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House fails to pass procedural vote on FISA in blow to GOP

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(WASHINGTON) — A key procedural vote on a bill to reauthorize the Foreign Intelligence Surveillance Act failed on the House floor on Wednesday, another sign of Republican infighting under Speaker Mike Johnson’s leadership.

Nineteen Republicans broke ranks with party leadership and voted against the measure, despite urging from Johnson that the legislation reformed the FISA program and is necessary for national security. The final vote was 193-228.

“We will regroup and formulate another plan,” Johnson told reporters after the defeat. “We cannot allow Section 702 of FISA to expire. It’s too important to national security. I think most of the members understand that.”

“It’s never helpful for the majority party to take down its own rule,” he added.

FISA is a federal law that establishes procedures for intelligence gathering of foreign nationals, but sometimes results in the collection of data on Americans who are in contact with those surveilled individuals.

Hard-line Republicans are opposed to reauthorizing FISA without an amendment that would require the intelligence community to obtain an additional warrant to access the data of those Americans. Some civil liberties groups, including the ACLU, have also pushed for similar reforms. The bill voted on Wednesday didn’t include the warrant amendment.

The requirement of an additional warrant, the intelligence community has warned, could create a massive backlog in the FISA process and effectively shut down the program.

Former President Donald Trump ramped up pressure on GOP lawmakers to oppose the legislation as he weighed in on the matter ahead of the vote.

In a post on his conservative social media site, Trump said to “KILL FISA” as part of his grievances against the FBI’s handling of surveillance against Carter Page, a former adviser to his campaign.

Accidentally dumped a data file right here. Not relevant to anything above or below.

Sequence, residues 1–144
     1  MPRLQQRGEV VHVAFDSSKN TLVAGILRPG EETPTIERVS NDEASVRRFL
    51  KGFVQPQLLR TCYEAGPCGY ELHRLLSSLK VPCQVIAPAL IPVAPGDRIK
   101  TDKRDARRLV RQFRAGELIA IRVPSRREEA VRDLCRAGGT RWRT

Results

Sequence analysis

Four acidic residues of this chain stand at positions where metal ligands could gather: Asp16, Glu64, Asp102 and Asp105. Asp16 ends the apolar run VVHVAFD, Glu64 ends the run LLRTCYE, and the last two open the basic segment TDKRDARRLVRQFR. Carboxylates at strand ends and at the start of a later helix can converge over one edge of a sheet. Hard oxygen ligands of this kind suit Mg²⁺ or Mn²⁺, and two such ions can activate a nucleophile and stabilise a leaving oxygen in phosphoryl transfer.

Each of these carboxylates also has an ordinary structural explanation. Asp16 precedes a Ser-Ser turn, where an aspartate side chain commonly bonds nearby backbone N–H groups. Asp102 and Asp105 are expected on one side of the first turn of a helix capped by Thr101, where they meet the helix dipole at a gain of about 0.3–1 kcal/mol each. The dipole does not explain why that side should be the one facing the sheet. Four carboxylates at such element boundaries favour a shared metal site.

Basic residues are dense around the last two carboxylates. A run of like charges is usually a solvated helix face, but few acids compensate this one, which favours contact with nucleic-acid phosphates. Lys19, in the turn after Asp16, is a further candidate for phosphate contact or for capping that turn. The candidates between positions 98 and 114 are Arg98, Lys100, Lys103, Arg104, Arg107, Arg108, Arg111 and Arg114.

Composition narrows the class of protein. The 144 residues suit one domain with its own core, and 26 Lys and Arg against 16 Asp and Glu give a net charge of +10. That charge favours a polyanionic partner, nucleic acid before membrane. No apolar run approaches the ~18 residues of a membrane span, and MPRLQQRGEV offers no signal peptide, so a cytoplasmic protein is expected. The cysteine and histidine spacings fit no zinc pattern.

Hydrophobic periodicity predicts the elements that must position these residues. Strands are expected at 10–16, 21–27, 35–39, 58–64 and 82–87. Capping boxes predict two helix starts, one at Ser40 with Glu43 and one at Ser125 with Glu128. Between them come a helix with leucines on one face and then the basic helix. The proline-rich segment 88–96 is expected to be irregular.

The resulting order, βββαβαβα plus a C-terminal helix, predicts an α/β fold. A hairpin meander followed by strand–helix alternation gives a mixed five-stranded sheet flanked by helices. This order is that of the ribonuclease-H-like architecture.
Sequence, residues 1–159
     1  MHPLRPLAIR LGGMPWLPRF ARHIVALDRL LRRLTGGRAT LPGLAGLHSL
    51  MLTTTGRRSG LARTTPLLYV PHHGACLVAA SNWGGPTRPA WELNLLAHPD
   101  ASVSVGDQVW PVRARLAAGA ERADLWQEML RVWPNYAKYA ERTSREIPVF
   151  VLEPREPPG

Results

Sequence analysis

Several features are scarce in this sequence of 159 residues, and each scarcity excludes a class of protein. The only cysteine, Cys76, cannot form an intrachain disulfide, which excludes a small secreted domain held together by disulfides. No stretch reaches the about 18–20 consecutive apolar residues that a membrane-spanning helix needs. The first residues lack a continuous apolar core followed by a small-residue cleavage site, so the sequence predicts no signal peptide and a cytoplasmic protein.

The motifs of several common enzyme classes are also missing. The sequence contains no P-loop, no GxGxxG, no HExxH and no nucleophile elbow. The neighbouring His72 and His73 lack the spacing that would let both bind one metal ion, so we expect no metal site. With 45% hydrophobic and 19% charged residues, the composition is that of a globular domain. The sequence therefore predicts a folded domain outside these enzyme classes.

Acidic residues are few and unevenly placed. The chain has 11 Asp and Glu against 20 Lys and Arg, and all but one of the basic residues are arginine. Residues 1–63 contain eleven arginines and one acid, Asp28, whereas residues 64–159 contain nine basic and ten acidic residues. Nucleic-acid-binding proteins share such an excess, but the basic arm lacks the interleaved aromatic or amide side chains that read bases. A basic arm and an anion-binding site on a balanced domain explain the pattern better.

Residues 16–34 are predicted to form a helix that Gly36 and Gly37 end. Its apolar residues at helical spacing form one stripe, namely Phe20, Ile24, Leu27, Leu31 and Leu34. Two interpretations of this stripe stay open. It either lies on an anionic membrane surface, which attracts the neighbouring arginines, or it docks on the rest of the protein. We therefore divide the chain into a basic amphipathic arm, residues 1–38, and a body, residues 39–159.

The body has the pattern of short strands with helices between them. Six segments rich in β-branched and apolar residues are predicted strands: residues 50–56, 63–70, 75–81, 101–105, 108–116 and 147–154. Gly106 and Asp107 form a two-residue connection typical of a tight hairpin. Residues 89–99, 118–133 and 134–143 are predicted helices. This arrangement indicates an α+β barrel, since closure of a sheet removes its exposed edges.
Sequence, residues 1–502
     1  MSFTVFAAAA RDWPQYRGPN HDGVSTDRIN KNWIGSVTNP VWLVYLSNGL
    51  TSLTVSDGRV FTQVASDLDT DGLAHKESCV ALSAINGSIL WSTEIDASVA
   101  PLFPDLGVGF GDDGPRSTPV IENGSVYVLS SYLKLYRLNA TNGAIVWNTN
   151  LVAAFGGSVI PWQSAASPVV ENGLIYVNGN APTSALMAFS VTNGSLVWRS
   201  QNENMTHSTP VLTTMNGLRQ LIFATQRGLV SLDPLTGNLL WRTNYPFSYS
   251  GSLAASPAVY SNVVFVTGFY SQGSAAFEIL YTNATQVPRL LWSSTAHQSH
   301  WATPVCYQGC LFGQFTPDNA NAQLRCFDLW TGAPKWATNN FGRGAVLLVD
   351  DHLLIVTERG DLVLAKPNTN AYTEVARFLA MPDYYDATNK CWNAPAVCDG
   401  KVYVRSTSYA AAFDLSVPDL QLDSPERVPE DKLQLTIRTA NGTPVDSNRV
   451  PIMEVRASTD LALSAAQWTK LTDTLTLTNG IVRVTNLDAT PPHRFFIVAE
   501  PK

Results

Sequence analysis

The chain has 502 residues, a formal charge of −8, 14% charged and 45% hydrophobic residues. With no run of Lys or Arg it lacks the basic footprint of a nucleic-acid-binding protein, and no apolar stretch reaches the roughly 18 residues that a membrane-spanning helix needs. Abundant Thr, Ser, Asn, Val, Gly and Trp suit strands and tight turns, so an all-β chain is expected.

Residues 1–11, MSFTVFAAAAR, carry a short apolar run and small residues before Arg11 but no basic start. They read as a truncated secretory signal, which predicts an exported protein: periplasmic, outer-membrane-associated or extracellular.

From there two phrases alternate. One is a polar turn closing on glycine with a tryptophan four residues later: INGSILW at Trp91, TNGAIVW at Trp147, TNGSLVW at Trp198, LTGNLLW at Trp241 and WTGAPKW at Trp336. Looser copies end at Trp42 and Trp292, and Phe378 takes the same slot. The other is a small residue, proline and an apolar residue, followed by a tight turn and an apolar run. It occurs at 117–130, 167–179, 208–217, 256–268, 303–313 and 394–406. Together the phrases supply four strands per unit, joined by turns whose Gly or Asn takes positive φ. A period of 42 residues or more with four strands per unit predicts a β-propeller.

Johnson tried to sell House Republicans on the FISA legislation during a closed-door conference meeting earlier Wednesday despite growing opposition, according to several members.

This is the fourth rule vote that’s failed during Johnson’s six months as speaker, an embarrassment for House Republican leadership.

Every Democrat also voted against this procedural vote, a common practice in the House where the minority party votes against the procedural votes of the majority.

Democratic leadership and the White House have vocally supported FISA reauthorization and a majority of Democrats would likely ultimately vote to extend FISA when the legislation is brought up for an official vote.

National security adviser Jake Sullivan, speaking with reporters at the White House on Tuesday, also made his case for Congress to reauthorize FISA.

“If we lost 702 [of FISA], we would lose vital insight into precisely the threats Americans expect us in government to identify and counter,” Sullivan said.

Sullivan proceeded to list off some examples: “Terrorist threats to the homeland, fentanyl supply chains bringing deadly drugs into American communities, hostile governments’ recruitment of spies in our midst, transnational repression by authoritarian regimes, penetrations of our critical infrastructure, adversaries’ attempts to illicitly acquire sensitive dual use and military commodities and technology, ransomware attacks against major American companies and nonprofits, Russian war crimes and more.”

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